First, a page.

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What's New – Global Trade Watch

  • April 25: REPORT: Trump's First 100 Days: Federal Contracting with Corporate Offshorers Continues (PDF)
  • April 25: Press Release: New Report Reveals Trump Is Not Punishing Corporations that Offshore American Jobs, but Awarding Them New Government Contracts

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TransCanada: Threatening Environmental Victory over Keystone XL Pipeline

In June 2016, the TransCanada Corporation launched an ISDS case under NAFTA demanding $15 billion in compensation because the corporation's bid to build a pipeline was rejected by the U.S. government. The $15 billion claim is five times more than the $3.1 billion that TransCanada says it already had invested in the pipeline project because the compensation demand includes the future expected profits that TransCanada claims it would have earned had the pipeline been allowed.

The proposed 875-mile pipeline – called the Keystone XL – was to transport to the U.S. Gulf Coast up to 830,000 barrels per day of toxic, highly-corrosive crude oil extracted from tar sands in Alberta, Canada. The pipeline would have transported one of the dirtiest fossil fuels on the planet across more than a thousand rivers, streams, lakes and wetlands as it traversed six U.S. states.

Indigenous leaders, farmers, and ranchers in the path of the project stressed that a spill from the pipeline would threaten their lands and livelihoods, citing examples such as the 2010 Enbridge tar sands spill that poured more than 840,000 gallons of tar-sands crude oil into Michigan's Talmadge Creek and Kalamazoo River. Their concerns were bolstered by environmental and health experts who provided evidence during the course of various federal and state reviews of the project about how tar-sands oil development in Alberta, Canada already has devastated the land and water of Canadian First Nations communities, released toxic chemicals that poisoned and sickened these communities and threatened local species of fish and wildlife.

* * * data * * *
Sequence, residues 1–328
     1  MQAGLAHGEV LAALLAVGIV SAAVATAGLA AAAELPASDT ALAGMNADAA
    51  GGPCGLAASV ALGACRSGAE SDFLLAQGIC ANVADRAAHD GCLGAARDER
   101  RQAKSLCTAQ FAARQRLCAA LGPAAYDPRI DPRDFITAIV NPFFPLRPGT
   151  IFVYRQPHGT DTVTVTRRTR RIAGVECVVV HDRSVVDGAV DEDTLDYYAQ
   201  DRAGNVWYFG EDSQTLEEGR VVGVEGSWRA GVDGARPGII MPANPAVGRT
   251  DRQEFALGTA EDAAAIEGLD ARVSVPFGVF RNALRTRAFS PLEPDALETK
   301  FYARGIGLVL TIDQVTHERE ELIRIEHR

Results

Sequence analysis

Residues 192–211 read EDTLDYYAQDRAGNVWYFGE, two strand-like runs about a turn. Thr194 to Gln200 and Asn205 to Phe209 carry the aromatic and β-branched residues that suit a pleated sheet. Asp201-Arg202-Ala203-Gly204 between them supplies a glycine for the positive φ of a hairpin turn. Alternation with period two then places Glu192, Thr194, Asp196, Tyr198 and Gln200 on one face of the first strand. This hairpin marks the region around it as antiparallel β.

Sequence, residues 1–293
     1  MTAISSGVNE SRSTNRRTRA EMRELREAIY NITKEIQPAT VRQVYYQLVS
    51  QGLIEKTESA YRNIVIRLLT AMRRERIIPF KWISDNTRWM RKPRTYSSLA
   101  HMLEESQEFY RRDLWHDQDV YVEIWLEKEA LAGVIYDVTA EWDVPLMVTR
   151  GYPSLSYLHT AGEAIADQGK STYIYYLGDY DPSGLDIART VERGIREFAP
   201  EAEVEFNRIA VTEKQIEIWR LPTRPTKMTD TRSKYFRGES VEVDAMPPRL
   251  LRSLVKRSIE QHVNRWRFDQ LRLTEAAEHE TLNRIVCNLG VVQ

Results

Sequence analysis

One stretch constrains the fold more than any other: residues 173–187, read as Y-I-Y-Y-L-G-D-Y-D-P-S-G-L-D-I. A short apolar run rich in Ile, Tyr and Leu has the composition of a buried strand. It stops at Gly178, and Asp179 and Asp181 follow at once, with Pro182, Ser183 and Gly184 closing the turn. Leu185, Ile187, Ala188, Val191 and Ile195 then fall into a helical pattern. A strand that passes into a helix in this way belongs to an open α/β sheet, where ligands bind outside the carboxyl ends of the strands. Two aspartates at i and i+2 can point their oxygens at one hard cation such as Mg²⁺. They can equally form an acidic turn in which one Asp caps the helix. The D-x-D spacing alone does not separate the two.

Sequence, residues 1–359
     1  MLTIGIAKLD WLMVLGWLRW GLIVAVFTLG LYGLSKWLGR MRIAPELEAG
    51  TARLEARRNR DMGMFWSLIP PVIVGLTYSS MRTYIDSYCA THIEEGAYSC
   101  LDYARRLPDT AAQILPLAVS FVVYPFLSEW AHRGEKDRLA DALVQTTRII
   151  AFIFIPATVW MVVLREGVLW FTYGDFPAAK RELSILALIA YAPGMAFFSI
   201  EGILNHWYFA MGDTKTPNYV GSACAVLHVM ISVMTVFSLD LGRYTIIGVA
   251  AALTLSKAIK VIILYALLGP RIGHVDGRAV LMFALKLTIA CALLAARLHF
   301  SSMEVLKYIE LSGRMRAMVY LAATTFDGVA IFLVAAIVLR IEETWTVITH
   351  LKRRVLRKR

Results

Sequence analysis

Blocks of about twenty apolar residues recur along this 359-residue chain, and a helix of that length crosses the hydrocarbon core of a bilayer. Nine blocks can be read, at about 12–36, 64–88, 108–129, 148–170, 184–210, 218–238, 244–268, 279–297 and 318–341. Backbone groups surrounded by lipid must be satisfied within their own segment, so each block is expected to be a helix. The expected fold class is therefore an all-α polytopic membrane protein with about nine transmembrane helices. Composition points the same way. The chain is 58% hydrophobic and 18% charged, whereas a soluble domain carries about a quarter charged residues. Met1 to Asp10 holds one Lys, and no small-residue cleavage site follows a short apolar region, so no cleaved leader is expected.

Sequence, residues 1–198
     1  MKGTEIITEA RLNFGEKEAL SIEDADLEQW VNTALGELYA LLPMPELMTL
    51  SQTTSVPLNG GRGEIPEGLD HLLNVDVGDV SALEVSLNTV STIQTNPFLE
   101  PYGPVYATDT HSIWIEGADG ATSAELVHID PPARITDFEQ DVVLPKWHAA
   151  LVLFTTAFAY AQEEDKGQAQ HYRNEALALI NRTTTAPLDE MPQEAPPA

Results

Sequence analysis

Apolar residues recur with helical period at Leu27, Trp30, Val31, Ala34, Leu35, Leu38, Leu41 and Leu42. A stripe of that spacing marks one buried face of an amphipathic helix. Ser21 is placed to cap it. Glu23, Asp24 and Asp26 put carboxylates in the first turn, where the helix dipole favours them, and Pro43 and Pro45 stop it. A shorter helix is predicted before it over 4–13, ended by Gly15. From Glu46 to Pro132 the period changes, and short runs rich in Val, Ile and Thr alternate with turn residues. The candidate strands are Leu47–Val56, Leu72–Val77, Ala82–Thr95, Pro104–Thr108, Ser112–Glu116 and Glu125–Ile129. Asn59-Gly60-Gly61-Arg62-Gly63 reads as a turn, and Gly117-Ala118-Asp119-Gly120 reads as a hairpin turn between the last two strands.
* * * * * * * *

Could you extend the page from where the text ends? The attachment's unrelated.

The pipeline also raised significant concerns with respect to its climate impacts. Over its projected 50-year lifetime, the pipeline would have generated up to 8.4 billion metric tons of greenhouse gas emissions, an amount greater than the total annual greenhouse gas emissions of the United States. Tar sands are extracted through two carbon-intensive processes: (1) open-pit mining, which lays waste to millions of acres of carbon-storing Boreal forest, and (2) an even dirtier alternative of “in situ” extraction, which involves burning natural gas above ground to generate steam that is forced into subterranean pipes to melt out the bitumen from the surrounding sands with the bitumen then pumped up to the surface for further processing. If the pipeline were completed, it would have created new demand for intensified carbon-intensive tar sands extraction and processing as the purpose of the pipeline was to transport the tar-sands oil to U.S. Gulf Coast refineries for processing so finished product could be exported into the global market. Continue reading...

Civil Society Organizations Speak Out

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